Wednesday, August 17, 2011

Korean firm may take over Egbin plant before December

The Federal Government may transfer its 51 per cent stake in the Lagos Thermal Station, Egbin, to the Korea Electric Power Corporation before December, as discussions have reached an advanced stage on the protracted deal that has been on for four years.

Our correspondent gathered from government sources that the only hurdle left to be cleared before the transfer of ownership would be completed was the labour issue.
A top government source, who asked not to be named because he was not authorised to speak on the deal officially, said, “We have resolved the gas supply issue and the only issue left now is the labour issue. We have attempted to hold discussions with the representatives of the labour unions, but they insisted that the government must implement the 50 per cent salary increment agreement first before it could discuss severance pay for the workers.

“I believe that once we get over the labour issue, the only thing that will remain will be to reconcile the financial issues and then the transfer will take place. So, I am positive that the transfer can be done before or by December.”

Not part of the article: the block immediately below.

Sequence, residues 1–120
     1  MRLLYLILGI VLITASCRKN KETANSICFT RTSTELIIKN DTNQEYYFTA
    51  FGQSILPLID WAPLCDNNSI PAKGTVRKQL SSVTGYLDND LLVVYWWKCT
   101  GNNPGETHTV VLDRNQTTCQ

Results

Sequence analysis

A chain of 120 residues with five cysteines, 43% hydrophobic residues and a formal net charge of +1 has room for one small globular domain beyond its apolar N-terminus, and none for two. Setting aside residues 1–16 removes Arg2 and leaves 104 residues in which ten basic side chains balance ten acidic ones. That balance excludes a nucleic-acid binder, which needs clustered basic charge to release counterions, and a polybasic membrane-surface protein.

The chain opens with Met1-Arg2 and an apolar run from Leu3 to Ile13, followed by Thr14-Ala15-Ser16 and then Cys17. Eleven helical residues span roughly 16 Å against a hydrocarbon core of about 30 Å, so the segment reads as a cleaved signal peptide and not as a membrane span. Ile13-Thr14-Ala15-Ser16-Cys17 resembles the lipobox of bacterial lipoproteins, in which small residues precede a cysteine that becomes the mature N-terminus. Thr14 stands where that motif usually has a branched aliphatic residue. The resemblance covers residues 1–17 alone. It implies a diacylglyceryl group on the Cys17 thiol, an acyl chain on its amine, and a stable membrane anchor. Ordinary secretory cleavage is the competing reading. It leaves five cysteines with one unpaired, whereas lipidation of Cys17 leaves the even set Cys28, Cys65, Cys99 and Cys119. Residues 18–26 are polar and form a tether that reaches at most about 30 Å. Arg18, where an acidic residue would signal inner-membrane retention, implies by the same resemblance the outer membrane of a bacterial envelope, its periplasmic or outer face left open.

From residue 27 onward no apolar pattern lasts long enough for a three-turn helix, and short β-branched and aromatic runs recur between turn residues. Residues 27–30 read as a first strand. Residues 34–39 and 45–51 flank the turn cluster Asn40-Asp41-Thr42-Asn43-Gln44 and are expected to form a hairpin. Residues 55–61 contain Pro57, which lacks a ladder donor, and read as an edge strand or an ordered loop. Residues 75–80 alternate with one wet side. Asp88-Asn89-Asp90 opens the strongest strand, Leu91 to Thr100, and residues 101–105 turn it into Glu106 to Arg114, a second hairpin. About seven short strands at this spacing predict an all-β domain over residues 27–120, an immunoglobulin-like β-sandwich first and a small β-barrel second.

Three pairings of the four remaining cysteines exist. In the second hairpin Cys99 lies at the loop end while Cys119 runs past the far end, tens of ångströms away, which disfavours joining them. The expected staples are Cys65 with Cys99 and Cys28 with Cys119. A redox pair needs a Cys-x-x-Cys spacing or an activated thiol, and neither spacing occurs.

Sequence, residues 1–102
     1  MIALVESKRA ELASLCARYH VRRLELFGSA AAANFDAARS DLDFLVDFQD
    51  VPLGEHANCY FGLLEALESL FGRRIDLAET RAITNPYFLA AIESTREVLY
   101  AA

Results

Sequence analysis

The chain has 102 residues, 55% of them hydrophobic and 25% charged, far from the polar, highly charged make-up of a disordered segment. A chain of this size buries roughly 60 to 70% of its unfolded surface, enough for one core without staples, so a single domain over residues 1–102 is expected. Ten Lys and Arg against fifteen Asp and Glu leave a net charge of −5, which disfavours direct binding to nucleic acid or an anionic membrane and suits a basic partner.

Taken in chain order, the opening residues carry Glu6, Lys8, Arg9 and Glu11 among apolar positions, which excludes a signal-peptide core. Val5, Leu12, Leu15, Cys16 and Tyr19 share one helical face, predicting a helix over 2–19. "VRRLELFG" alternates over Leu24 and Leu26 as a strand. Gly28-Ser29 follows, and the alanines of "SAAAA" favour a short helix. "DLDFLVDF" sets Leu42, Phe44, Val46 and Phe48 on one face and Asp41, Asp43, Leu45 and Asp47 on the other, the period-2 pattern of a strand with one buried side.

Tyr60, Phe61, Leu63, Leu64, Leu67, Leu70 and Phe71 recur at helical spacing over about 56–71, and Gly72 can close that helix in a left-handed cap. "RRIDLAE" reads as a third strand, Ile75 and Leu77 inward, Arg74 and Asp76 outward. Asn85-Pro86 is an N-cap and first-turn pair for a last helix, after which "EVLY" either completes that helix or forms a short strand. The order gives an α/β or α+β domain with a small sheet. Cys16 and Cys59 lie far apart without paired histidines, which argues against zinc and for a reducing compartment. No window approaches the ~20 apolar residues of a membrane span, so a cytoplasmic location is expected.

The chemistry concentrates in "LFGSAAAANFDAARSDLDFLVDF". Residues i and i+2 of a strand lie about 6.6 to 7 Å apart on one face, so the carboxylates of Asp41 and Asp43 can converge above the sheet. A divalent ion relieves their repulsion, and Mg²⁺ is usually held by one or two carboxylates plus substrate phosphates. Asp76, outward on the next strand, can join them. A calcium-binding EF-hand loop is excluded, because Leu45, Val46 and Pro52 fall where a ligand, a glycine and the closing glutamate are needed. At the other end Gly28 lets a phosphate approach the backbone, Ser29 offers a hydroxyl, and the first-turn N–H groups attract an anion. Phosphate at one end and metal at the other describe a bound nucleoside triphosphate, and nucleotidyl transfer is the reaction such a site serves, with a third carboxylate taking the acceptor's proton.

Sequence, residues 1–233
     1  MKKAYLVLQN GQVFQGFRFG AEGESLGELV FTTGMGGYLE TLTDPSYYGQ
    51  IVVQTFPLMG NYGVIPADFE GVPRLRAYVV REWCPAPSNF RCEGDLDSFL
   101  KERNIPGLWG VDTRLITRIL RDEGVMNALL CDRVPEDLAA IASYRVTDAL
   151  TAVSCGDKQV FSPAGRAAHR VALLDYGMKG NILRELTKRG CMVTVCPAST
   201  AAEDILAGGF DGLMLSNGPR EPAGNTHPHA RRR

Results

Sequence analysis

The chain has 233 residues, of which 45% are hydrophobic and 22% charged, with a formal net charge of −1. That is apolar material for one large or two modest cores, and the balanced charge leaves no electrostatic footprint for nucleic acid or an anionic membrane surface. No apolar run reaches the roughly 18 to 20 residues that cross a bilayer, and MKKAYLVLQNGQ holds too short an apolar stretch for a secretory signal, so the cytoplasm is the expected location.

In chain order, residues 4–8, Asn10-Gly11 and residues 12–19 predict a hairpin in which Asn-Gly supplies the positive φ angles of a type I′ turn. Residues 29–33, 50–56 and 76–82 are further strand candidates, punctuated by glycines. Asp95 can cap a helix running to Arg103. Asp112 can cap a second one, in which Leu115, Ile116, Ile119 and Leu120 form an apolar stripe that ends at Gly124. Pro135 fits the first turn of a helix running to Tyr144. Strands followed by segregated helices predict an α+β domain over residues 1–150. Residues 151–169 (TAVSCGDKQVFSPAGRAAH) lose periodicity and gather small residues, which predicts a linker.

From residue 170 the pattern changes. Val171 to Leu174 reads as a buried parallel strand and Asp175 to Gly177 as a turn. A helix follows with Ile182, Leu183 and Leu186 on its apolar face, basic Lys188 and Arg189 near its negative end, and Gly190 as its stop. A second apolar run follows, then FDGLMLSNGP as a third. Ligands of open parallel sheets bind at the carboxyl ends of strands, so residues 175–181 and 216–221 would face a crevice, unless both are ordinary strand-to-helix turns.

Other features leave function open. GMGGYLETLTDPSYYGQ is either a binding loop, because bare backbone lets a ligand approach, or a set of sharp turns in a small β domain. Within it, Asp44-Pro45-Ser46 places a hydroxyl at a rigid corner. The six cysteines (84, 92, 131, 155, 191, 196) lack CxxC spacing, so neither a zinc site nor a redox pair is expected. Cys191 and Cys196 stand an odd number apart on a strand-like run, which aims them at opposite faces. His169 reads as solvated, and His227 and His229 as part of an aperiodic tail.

The Bureau of Public Enterprises had recently resumed discussions with KEPCO with a view to concluding the deal on the sale of the government’s stake in the nation’s biggest power plant.

The BPE had earlier announced the sale of the plant to KEPCO in 2007, but unresolved labour issues and the change of government stalled the conclusion of the deal.

Our correspondent gathered that KEPCO was to pay $280m for the 51 per cent government stake in the plant and that the company had made some initial payments in 2007.

However, the suspension of the liberalisation of the power sector by the late President Umaru Yar’Ardua and some unresolved labour and commercial issues prevented the deal from being concluded.

The Egbin power plant has an installed capacity of 1,320 megawatts of electricity and is the only power station in the country that is capable of generating at least 1,000MW to the national grid.

The Federal Government had inaugurated the power sector road map last year with one of the key issues in the document being government’s plan to sell at least 51 per cent stake in most of the electricity companies, otherwise known as successor companies to the Power Holding Company of Nigeria.

Also, President Goodluck Jonathan took an important step towards bolstering investor confidence in the Nigerian power sector on Tuesday as he approved the constitution of the pioneer board as well as the appointment of a manager for the Nigeria Bulk Electricity Trading Plc.


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